In a recent development within the ongoing antitrust lawsuit, Google’s attorney, Glenn Pomerantz, has stirred controversy by requesting that certain portions of an upcoming exhibit disclosing Google’s User Choice Billing agreement with Spotify be kept confidential. This agreement allows Spotify to employ its own payment system for subscriptions while still providing a share of the revenue to Google.
Pomerantz argued that disclosing the Spotify deal’s details could harm ongoing negotiations with unidentified third parties. He made these arguments during the Fortnite court proceedings, overseen by Judge James Donato as part of the Epic v. Google antitrust case. Despite expressing a willingness to share limited information, Pomerantz firmly opposed revealing sensitive details to the public.
Google’s Unconventional Partnership with Spotify
The dispute traces back to 2020 when Epic Games initiated its battle against what it termed the “Apple tax” and “Google tax” on their respective app stores. During this period, Spotify emerged as a significant ally, standing shoulder to shoulder with Epic in the Coalition for App Fairness lobbying group. However, the dynamics shifted in 2022 when Spotify entered into a partnership with Google under the “User Choice Billing” program. This initiative allowed Spotify to bypass Google’s standard fees for transactions on Android.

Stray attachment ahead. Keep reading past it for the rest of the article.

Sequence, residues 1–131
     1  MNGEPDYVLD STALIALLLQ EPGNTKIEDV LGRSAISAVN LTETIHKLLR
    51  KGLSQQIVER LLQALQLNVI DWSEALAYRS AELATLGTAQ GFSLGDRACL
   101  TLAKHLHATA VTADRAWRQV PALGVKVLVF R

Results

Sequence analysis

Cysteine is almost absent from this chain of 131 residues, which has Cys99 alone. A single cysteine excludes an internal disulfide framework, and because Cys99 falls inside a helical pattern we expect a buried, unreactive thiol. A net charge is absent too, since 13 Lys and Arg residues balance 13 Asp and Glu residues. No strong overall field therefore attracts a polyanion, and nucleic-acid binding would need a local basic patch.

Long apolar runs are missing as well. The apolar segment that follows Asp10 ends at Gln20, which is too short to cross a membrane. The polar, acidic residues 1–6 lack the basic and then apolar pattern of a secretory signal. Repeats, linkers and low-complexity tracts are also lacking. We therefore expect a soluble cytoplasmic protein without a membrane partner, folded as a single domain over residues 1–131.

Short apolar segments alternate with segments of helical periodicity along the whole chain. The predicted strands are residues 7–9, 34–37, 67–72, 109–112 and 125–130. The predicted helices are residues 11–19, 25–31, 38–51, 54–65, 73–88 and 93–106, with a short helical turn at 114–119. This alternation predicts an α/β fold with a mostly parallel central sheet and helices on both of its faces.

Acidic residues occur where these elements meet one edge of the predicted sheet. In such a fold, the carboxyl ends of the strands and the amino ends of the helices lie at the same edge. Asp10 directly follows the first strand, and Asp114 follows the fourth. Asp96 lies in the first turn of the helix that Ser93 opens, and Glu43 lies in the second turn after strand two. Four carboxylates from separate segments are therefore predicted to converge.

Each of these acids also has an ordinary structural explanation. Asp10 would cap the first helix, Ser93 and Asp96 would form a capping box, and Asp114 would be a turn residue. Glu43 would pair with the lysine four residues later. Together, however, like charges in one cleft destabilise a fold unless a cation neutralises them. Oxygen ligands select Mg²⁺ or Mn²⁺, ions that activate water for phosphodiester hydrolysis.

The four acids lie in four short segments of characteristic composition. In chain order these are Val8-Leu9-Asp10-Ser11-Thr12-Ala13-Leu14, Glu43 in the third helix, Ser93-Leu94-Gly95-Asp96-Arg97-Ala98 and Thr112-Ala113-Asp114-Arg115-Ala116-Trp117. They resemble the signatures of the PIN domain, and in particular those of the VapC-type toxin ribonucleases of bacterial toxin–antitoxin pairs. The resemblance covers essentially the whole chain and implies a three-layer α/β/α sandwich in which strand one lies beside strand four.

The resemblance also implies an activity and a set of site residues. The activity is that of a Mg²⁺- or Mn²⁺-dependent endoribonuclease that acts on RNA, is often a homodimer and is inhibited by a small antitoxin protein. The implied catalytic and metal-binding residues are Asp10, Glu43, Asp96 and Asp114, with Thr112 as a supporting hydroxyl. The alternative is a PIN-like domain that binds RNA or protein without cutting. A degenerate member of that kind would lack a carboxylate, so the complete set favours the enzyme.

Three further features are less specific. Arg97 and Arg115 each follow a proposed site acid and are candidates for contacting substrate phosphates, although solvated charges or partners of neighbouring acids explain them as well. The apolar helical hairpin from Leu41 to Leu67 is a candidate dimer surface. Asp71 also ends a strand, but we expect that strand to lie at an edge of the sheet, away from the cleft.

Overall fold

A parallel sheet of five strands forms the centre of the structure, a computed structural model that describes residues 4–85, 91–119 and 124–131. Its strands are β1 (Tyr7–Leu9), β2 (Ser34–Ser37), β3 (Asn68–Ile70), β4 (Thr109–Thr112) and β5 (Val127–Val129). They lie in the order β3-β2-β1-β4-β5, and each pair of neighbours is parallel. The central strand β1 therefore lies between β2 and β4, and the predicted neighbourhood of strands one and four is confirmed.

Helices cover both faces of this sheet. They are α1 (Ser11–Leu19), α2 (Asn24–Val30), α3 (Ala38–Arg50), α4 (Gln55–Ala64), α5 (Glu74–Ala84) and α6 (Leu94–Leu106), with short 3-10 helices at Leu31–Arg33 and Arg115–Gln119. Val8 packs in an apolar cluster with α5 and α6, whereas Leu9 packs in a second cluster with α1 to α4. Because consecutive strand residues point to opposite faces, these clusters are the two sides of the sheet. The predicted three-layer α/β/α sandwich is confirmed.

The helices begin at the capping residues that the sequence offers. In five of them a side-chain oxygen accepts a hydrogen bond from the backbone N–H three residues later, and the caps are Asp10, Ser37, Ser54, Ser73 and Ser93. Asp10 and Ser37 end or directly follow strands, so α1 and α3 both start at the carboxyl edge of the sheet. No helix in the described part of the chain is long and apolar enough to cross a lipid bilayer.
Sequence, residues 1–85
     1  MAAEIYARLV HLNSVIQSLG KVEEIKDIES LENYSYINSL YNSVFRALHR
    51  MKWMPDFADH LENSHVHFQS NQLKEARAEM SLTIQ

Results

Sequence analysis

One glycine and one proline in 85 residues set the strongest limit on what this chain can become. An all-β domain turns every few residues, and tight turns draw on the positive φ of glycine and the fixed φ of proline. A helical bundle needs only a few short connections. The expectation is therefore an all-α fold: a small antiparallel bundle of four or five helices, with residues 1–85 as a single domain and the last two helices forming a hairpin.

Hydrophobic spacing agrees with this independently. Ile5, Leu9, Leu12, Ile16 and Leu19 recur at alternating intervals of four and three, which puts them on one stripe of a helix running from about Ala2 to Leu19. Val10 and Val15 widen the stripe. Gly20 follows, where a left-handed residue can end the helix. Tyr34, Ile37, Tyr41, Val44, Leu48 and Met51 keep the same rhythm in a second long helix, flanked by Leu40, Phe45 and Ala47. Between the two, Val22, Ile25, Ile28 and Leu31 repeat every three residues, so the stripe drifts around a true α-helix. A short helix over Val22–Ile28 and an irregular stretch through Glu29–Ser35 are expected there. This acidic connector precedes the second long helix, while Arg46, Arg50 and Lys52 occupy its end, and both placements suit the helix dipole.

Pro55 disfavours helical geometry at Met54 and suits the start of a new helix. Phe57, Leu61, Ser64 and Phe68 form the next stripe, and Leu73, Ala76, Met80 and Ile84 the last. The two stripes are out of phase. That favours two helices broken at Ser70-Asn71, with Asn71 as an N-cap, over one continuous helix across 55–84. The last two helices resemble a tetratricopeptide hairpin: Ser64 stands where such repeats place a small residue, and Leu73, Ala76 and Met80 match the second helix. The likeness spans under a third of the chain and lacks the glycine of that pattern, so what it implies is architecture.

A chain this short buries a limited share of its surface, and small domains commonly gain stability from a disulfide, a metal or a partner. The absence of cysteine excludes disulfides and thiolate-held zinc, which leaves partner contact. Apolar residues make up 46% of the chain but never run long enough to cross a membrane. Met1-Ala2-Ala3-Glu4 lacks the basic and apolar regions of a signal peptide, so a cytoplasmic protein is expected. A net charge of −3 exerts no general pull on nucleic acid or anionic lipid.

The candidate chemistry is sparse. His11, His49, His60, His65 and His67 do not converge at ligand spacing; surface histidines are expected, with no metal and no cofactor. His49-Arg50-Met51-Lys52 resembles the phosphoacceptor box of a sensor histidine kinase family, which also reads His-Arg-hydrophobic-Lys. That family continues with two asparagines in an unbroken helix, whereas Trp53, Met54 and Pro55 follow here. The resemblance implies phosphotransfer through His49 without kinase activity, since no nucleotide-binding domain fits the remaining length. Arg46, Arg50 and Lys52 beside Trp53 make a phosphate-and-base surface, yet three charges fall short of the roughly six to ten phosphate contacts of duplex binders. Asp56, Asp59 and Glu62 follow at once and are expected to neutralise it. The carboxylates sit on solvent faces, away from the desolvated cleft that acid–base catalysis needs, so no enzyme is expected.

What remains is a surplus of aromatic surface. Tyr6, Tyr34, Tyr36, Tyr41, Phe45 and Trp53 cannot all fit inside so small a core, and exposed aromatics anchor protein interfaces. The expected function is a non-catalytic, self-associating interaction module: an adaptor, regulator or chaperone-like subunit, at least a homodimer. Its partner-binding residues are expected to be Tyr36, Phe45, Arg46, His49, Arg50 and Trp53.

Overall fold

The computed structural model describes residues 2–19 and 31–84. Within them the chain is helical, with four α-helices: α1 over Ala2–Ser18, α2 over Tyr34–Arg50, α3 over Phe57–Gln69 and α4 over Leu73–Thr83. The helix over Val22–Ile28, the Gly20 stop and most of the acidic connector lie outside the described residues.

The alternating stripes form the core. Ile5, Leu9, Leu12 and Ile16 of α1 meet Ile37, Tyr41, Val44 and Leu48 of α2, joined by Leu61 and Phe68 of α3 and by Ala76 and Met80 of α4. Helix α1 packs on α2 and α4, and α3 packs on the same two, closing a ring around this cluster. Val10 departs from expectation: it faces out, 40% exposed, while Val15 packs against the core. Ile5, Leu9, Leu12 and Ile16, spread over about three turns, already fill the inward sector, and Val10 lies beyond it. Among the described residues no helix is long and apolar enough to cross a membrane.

Google portrayed User Choice Billing as a measure that would reduce the fees for developers to 26 percent, four percentage points less than the standard 30 percent. Despite this explanation, doubts about the undisclosed terms of the agreement persisted, fueling speculation that Spotify was receiving preferential treatment that other app developers would also seek.
Epic’s lead attorney, Gary Bornstein, hinted at this special treatment during discussions. He emphasized that there was a rate significantly lower than what had been discussed in the courtroom, alluding to an aspect of the deal yet to be revealed.
Epic Games Stands Firm in Its Opposition
Despite the judge’s inquiry about whether Google could resolve Epic’s concerns by allowing users to utilize their billing system, Epic remained resolute in its stance. Epic filed the lawsuit long before Google introduced User Choice Billing and has consistently asserted that this program does not provide a viable solution. CEO Tim Sweeney, in particular, has publicly criticized the initiative, labeling it a “sham” and alleging that Google continues to claim a substantial share of revenue for minimal service.
As the legal battle between Epic Games and Google continues, the secrecy surrounding the Spotify deal raises questions about the fairness and transparency of app store practices. The outcome of this high-profile case could have far-reaching implications for the tech industry and the future of app store fees, potentially reshaping the relationships between platform providers, app developers, and consumers. The desire for confidentiality in the Spotify deal only intensifies the intrigue surrounding this ongoing antitrust dispute.